Sometimes scenery which appears amazing can seem kind of dull when photographed. This is often an issue caused by the scenery being large (all over the image) and your eye not having a particular point to focus on. An easy solution is to photograph something of interest in the foreground; a rock, a tree or even a person… An element of interest which is close to the camera (in the foreground) can give the viewers eye something to return to as it explores the expansive background and makes the viewing experience more pleasing.
Frames can also have a similar effect – framing your subject with a doorway, window, canopy of trees or anything else which creates a natural picture frame around your subject.
If you are using a point and shoot camera, correct exposure and focus will be less of an immediate concern than if you are using a digital SLR (single lens reflex) camera. That said, it is always good to know what correct exposure looks like and from here you can learn how to best use your camera to achieve it. Correctly exposing your image is about showing proper detail – you can lose detail by over exposing (too bright) or under exposing (too dark) parts of your image. Sometimes it is impossible to correctly expose all of your image (without selectively enhancing part of your image in software, or taking multiple images and combining them with software – like Photoshop) in which case you should aim to correctly expose your main subject.
Be aware when composing your image of aspects which will over expose (when correct exposure is found on a darker subject) like white objects, light bulbs or sand/snow in bright sunlight. If possible avoid capturing these in your photo altogether, but particularly on the edges as the human eye will tend to track over to bright objects (distracting from your subject).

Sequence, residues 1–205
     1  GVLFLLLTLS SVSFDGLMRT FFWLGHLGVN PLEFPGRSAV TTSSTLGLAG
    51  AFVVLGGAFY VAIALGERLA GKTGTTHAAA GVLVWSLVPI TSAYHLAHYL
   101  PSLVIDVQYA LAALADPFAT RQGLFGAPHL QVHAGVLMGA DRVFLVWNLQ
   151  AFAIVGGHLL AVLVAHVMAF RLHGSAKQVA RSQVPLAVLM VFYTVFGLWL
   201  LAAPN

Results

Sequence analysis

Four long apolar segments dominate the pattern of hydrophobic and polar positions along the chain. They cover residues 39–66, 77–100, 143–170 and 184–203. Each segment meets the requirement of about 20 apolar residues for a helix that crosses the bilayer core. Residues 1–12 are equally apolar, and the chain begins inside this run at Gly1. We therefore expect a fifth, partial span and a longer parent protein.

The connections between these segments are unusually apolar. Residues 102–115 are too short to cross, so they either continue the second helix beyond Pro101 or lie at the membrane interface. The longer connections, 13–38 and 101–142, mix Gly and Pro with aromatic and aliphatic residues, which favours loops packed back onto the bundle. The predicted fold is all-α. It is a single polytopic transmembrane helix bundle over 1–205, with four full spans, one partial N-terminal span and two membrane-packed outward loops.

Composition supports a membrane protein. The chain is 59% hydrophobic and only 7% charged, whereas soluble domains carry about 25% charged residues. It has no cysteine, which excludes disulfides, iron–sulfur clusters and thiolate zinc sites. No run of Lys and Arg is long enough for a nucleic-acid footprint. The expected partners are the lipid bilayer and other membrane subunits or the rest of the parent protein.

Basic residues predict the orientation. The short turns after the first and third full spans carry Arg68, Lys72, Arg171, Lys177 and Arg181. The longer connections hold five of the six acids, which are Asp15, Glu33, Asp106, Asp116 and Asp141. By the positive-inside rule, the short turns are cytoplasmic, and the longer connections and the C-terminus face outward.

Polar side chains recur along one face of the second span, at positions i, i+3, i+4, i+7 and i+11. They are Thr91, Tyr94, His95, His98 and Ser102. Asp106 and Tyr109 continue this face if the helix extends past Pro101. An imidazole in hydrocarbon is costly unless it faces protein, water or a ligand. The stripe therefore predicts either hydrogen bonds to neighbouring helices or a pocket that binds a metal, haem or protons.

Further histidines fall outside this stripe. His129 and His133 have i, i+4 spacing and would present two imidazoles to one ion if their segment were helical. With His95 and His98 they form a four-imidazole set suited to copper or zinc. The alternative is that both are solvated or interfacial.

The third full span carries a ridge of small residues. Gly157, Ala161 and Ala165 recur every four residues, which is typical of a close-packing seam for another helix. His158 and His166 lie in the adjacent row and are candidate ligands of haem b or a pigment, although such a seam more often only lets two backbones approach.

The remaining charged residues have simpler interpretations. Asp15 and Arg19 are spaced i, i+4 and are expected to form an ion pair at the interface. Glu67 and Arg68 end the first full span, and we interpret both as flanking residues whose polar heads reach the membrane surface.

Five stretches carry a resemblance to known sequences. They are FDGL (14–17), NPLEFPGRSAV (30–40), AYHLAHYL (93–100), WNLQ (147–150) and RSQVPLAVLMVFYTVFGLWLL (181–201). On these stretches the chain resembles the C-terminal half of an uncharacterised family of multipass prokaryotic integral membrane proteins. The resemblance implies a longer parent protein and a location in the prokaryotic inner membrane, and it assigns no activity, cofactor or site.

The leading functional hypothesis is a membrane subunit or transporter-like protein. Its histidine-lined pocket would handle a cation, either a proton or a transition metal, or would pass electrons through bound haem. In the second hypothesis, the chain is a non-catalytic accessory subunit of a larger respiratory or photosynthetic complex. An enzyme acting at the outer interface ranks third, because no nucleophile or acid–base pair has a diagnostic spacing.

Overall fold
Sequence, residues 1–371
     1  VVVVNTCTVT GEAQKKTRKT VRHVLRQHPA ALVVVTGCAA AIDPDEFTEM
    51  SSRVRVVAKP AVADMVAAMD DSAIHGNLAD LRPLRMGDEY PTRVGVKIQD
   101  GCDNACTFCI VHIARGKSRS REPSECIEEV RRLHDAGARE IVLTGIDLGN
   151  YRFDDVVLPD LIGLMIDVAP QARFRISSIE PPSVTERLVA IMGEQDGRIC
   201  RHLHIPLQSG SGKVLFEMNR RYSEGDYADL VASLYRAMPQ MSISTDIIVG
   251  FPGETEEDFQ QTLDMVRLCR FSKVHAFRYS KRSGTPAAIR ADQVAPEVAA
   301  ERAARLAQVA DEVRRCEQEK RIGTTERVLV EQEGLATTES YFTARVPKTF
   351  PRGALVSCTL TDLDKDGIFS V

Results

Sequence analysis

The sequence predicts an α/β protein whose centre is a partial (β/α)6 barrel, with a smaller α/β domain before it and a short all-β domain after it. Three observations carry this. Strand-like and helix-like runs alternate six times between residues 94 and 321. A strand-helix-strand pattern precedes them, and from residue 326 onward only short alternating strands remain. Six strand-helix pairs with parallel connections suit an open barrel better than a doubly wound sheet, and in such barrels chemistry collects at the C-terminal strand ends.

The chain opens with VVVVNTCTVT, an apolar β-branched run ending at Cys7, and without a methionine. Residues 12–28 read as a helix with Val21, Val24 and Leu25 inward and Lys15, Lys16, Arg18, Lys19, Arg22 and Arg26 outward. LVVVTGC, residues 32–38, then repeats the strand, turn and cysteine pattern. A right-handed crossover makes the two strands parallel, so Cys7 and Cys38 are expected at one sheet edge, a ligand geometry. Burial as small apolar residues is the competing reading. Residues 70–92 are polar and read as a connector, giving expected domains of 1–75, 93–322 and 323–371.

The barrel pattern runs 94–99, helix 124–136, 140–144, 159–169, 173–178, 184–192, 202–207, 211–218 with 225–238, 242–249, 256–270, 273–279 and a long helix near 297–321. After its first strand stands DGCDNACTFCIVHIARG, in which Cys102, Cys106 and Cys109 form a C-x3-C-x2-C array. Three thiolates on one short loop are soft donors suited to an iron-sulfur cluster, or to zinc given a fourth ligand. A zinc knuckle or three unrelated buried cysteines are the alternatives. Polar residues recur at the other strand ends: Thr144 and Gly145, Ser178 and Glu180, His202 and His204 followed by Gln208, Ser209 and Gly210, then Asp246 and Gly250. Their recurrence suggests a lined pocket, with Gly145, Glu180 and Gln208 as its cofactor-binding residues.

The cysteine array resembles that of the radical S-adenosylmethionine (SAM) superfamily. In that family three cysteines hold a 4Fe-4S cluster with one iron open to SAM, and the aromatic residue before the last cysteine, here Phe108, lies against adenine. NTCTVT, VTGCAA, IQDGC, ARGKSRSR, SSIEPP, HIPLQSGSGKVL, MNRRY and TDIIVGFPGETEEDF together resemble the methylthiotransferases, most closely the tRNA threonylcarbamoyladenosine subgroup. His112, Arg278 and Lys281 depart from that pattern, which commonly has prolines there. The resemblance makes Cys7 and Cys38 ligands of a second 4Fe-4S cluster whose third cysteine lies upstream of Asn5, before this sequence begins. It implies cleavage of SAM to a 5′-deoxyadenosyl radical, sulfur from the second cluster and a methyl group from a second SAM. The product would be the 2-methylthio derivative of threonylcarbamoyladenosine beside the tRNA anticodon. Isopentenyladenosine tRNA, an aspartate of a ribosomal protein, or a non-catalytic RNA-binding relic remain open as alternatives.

Check in your camera manual for ‘exposure compensation’ which will allow you to adjust (up or down) the exposure level determined by your camera’s sensor. Decreasing your exposure compensation for instance will bring out more detail in the sky on bright days.
Mouse over image for the original photo I took (Background badly over exposed)
4. Use of Colour
Colour is complicated – especially for someone such as myself without an artistic background. Psychologically colours can arouse different emotions (red is intense while blue is more tranquil) and together they can complement each other or contrast (in dramatic or displeasing ways). Be aware of colour in your photography and try and determine if the colours complement each other or contrast. Does it emphasise your subject and help portray your purpose or is it distracting and detrimental?
5. Understanding Light
Good photography is all about the light. The intensity, the angle, the tint/colour, the direction and the number of sources. Great outdoor photos are normally taken at dawn or dusk – when the sun is less intense and lower; shadows are softer, brightness of the sky and ground are more even allowing better overall exposure and it is less likely that the image will appear washed out. As a general guide try to take your most important outdoor photos in the morning or afternoon and avoid midday. If you do find yourself shooting outside in bright sunlight consider using your camera’s flash for foreground subjects – ‘fill flash’ to soften shadows and compensate for the very intense overhead light source (the sun).